Lastly, there must be actual damages that result from the rear-end auto accident in order to bring a claim of negligence. There is a requirement that Florida Courts have forcing a plaintiff to demonstrate a monetary loss. There are additional damages that can be sought in addition to an actual monetary loss, including lost wages, property damage, loss of future earning, and pain and suffering. As indicated above, Florida follows a comparative negligence theory, which means that a defendant can present evidence of a plaintiff’s negligent contribution in the accident and have a reduced award against based on the plaintiff’s actions.

Rear-End Presumption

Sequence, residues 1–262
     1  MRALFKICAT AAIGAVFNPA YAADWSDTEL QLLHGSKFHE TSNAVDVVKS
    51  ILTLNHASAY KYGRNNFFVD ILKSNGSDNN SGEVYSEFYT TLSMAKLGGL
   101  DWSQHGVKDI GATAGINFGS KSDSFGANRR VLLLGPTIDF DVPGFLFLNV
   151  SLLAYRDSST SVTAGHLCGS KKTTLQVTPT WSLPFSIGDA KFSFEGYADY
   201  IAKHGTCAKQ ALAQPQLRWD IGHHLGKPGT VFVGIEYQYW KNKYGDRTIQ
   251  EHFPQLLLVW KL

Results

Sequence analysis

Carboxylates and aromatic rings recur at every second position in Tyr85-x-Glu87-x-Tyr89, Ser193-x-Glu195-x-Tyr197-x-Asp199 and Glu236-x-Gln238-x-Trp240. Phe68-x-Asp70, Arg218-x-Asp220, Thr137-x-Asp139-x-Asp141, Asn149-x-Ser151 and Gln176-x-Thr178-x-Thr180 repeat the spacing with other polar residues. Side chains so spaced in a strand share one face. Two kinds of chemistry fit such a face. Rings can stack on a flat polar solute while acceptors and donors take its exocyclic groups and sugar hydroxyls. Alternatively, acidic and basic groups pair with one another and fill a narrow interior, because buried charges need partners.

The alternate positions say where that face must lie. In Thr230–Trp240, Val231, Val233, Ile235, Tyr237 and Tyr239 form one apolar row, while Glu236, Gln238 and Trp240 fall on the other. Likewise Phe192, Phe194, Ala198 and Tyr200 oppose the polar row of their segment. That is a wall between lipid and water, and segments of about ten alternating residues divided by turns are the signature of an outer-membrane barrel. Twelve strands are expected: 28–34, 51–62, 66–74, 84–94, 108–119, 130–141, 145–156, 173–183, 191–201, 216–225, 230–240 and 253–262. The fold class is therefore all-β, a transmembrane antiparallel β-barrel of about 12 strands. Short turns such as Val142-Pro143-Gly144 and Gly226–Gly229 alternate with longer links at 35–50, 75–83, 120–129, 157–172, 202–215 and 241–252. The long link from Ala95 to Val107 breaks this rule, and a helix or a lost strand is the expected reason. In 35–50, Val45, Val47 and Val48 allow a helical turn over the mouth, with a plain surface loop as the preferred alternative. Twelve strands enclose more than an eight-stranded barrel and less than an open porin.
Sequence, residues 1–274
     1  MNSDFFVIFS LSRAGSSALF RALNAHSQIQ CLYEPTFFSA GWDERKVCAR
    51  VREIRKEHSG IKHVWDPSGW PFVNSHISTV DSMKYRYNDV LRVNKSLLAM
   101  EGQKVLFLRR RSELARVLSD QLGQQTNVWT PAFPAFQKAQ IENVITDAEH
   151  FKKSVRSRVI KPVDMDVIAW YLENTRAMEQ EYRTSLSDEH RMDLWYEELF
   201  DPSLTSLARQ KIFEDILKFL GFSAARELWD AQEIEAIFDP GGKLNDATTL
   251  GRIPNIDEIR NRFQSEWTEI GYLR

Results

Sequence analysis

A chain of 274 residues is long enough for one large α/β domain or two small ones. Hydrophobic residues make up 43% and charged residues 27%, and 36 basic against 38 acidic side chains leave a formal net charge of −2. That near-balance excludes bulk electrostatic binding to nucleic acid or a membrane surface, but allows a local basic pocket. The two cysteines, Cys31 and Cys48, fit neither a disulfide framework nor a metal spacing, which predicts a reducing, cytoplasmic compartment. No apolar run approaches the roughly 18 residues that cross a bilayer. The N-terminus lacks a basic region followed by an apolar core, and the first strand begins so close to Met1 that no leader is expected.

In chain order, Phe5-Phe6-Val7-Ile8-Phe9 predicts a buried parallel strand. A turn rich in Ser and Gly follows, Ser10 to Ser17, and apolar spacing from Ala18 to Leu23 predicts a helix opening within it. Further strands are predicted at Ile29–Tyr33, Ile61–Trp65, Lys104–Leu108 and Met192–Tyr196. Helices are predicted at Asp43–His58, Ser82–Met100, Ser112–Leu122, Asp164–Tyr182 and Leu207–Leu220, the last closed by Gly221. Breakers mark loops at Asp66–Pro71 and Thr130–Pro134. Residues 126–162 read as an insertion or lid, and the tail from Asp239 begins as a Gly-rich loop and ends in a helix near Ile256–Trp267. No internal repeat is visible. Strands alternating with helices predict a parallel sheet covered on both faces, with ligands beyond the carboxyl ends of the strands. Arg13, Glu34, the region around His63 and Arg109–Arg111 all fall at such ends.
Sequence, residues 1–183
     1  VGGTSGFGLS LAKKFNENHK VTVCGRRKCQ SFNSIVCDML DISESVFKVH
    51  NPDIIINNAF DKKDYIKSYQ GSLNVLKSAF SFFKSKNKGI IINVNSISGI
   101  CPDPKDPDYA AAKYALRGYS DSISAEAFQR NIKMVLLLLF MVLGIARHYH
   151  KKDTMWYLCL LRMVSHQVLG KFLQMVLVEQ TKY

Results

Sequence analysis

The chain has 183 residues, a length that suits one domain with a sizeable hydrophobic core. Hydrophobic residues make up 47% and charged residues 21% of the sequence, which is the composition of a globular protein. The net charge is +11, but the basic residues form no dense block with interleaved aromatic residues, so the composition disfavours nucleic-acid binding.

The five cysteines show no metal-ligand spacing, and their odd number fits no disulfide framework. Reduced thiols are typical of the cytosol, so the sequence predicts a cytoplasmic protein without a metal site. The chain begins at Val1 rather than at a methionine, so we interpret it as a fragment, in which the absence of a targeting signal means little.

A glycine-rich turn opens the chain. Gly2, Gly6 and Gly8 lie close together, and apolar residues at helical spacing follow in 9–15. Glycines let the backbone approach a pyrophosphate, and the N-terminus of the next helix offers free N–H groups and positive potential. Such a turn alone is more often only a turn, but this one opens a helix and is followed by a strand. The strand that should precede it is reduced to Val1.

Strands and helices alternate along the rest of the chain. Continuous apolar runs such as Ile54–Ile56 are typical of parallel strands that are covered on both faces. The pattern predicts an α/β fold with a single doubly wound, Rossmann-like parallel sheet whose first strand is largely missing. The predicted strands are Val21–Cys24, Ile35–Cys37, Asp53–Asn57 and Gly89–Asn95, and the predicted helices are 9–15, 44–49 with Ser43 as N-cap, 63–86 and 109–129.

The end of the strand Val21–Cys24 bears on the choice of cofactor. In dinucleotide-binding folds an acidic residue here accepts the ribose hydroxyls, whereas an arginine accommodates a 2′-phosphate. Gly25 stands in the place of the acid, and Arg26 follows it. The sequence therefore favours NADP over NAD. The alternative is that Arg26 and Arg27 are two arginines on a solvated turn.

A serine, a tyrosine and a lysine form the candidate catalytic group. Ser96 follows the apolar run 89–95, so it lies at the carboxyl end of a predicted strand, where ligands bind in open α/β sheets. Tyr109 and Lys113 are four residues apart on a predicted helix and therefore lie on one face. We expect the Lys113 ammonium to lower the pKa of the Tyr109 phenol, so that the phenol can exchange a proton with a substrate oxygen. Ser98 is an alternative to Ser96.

In 2012, Florida’s Supreme Court decided on extremely critical issue. The court took a look at a problem dealing with rear-end collisions here in the state. Their ruling made a significant change to laws that govern automobile accidents involving rear-endings. Historically, such accidents were presumed the fault of the driver to the rear of the collision. The presumption has existed for as long as it has because the driver of the vehicle that was rear-ended, for the most part, could not see what the cause of the accident was. The seemingly obvious fix to determining fault was to place it with the rear vehicle as they were in the best position to avoid causing the collision. In essence, what the Florida Supreme Court has done in their decision, is allowed an opportunity for rear-end drivers involved in rear-end auto accidents to challenge the long-standing presumption.